“You feel like you’re walking into somebody’s mouth and they have the flu when you walk into a lobby. I feel like there’s an ass in front me and it’s farting constantly, and I have to breathe.”
“‘Did you try turning it on?’ No, it’s fucking broken. There’s a line down the screen!”
And that’s Tommy Refenes, the programming half of the two-man studio, explaining what it’s like to return a tablet to a Best Buy store after purchasing via BestBuy.com. Hint: it’s not fun.
The three of us recently spoke via Skype to discuss an important milestone in Team Meat’s short history: a little more than a year later, Super Meat Boy has officially sold more than a million copies.
McMillen and Refenes didn’t actually reveal this tidbit until days later, but the moment the number ticked into six zeros territory was--and they claim they aren’t making this up--on Christmas Day.
The occasion was a joyful punctuation to what was otherwise a “clusterfuck of a month,” where Refenes was forced to frantically finish work on the game’s delayed Mac port. Refenes admitted to not having much of an understanding of OS X, so Team Meat had initially outsourced the Mac version. But what came back wasn’t up to the duo’s personal standards, so Refenes was tasked with frantically cleaning it up. Even still, it's not perfect.
“I answer everybody’s email from tech support,” he said. “I feel like that’s the right thing to do. I answer the emails, and when they have a Mac problem, it’s just like, I go uhhhh. [laughs]”
My recording says we talked for 30 minutes, but Super Meat Boy only came up during a handful. It’s hard to keep McMillen and Refenes on a subject for very long, and the moment one gets serious, it’s as though the other can’t stand it, which means you’d better be ready for a dick joke to derail the conversation--and result in a fit of giggles.
Take, for example, McMillen trying to explain what it’s like to say he’s sold a million copies.
“Neither of us have a word for anything other than ‘This is life changing, and once again, this is insanely, crazy life changing event that I can’t process.’” he said. “ I don’t know. I can joke about it. We can make jokes about it forever, or be honest and say ‘Hey, this feels really good,’ but in reality, I can’t even define [it]. I can’t define the feeling of selling a million copies because it’s so foreign and bizarre and surreal and unreal. It’s beyond anything that I can really say. I can’t articulate it in any form other than it feels really great!”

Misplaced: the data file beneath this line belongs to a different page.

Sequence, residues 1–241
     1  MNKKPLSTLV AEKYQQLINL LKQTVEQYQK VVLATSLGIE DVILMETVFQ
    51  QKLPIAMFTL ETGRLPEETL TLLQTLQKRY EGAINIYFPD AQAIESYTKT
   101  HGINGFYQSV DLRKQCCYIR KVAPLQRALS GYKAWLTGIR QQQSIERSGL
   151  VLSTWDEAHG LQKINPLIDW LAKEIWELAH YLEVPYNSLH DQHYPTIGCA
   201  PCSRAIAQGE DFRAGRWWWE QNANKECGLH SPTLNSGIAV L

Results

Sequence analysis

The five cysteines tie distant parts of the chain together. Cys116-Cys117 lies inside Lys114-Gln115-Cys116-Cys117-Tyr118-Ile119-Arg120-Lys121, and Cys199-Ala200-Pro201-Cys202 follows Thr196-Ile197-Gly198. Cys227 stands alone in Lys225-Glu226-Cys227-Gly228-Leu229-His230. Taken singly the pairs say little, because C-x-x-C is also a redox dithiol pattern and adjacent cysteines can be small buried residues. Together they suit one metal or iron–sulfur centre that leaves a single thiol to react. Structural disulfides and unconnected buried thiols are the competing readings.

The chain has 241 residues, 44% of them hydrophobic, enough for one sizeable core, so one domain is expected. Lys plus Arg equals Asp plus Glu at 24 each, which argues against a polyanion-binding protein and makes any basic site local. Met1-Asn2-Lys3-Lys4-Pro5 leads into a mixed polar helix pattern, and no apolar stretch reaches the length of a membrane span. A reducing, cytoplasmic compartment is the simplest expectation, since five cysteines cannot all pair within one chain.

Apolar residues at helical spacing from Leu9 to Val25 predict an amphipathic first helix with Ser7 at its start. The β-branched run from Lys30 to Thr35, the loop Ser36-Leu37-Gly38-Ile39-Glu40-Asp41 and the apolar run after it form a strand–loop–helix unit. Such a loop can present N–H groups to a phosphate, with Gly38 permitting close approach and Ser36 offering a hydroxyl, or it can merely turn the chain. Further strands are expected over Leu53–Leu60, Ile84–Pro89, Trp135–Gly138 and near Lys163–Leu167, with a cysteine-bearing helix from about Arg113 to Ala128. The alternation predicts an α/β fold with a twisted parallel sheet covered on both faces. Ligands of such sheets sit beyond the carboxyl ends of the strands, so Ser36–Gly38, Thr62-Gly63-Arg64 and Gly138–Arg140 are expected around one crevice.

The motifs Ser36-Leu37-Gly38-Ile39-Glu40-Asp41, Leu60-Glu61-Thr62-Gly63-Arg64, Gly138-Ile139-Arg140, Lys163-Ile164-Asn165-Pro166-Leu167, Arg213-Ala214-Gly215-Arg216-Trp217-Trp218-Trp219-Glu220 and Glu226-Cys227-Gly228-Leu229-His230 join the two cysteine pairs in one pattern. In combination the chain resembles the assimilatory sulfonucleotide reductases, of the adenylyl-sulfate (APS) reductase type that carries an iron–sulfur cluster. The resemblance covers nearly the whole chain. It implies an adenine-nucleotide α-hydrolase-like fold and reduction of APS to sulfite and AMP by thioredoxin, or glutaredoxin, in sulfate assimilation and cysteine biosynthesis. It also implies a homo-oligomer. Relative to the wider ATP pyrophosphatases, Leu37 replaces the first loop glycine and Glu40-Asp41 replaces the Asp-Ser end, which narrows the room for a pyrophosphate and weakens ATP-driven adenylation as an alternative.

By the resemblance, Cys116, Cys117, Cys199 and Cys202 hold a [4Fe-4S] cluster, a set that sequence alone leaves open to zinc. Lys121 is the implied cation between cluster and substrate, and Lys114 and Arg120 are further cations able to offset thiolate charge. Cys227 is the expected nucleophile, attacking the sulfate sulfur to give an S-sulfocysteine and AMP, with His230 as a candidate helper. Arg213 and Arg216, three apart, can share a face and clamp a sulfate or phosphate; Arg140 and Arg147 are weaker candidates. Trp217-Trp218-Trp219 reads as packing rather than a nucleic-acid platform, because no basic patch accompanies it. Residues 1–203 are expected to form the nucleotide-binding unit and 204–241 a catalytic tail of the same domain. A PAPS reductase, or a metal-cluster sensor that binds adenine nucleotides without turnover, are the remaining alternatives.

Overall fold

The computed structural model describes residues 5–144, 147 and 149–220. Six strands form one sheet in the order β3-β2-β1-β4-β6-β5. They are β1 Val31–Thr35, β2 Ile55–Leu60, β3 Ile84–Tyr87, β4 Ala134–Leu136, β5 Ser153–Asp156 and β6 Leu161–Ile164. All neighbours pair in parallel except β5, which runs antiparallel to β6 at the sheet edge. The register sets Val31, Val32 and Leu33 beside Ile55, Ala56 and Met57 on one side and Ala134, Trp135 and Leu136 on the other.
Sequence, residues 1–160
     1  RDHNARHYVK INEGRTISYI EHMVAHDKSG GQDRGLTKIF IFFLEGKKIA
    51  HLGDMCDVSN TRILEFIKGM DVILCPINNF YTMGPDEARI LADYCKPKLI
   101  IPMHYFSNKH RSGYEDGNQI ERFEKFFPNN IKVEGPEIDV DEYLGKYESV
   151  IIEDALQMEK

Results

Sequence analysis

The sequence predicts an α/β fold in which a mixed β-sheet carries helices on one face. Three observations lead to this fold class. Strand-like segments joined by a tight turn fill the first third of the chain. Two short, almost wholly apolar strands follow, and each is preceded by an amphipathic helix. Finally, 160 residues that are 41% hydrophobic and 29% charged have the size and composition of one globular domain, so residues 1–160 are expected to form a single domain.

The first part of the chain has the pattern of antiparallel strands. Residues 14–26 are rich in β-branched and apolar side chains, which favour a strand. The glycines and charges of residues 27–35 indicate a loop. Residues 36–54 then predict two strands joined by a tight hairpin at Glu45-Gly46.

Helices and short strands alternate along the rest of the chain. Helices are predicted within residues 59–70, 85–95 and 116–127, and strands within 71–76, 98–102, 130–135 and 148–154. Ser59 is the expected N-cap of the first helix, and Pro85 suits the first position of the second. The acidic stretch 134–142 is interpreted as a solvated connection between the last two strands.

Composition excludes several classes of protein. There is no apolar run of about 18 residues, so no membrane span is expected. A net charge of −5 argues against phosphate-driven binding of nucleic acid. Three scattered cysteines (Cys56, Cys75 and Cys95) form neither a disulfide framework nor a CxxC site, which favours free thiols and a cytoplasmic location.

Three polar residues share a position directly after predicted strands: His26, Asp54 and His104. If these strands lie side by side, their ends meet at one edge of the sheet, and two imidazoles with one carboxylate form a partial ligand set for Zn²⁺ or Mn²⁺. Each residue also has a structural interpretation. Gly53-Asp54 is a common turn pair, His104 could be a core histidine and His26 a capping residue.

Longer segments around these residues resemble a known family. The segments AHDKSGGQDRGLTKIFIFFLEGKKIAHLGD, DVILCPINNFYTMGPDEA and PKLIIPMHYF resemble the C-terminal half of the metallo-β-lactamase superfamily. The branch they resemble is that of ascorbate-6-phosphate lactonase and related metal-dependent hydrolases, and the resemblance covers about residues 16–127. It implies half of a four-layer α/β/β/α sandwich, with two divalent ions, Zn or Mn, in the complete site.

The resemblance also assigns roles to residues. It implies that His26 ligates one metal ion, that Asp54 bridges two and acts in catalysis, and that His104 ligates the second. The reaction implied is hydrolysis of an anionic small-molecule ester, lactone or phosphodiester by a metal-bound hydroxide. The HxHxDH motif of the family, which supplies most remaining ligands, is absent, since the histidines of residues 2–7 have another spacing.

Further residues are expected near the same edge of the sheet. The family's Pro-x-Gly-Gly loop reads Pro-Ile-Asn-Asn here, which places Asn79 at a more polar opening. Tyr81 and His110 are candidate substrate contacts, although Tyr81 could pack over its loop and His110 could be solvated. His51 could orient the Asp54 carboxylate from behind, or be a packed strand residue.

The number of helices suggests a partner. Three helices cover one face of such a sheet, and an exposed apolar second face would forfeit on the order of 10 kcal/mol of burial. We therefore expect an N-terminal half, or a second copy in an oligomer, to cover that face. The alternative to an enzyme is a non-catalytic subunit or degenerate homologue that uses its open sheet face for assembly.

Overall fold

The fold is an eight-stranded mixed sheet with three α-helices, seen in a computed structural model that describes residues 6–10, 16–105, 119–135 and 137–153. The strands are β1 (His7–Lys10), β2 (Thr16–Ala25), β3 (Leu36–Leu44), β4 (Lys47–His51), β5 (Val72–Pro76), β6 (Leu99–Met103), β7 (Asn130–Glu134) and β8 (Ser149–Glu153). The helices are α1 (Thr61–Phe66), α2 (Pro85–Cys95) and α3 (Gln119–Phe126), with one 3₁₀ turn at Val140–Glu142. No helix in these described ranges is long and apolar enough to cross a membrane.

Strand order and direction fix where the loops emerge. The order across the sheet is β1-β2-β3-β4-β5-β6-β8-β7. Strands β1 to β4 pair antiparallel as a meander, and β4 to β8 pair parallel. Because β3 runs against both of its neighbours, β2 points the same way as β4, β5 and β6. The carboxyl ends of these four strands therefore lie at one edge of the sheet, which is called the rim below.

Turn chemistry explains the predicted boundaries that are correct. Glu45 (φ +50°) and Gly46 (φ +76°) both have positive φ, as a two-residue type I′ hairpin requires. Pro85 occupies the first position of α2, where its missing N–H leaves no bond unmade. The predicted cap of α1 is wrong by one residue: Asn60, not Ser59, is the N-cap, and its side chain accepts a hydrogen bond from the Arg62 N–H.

“The closest thing is having a boner,” added Refenes.
“No, no, it’s better than having a boner” quipped McMillen. “It’s more like cumming for a month.”
“It’s exhausting and feels amazing,” said Refenes.
“At a certain point,” said McMillen, as laughter filled the Skype call, “it’s like when you jump out of a plane and get that initial rush, just like when you’re going--we’ll say going, rather than the c word. You’re ejaculating. I’ll use the technical term. You get the orgasm feeling, but I’m sure if you ejaculated and had an orgasm for a month long, you’d get used to the feeling, right? You’d become almost numb to it, but you’d still be feeling pretty good about it.”
This off-the-cuff, no-filter (and I mean no filter) approach is why Team Meat is Team Meat, but the consequence is finding themselves as a reliable source of controversy, a rub that appears rooted in grappling with skyrocketing fame. Each are fiercely passionate about protecting the integrity of the other, and this even came up during our chat.
When McMillen brought up a Formspring question about some issues in the PC port, he lit up.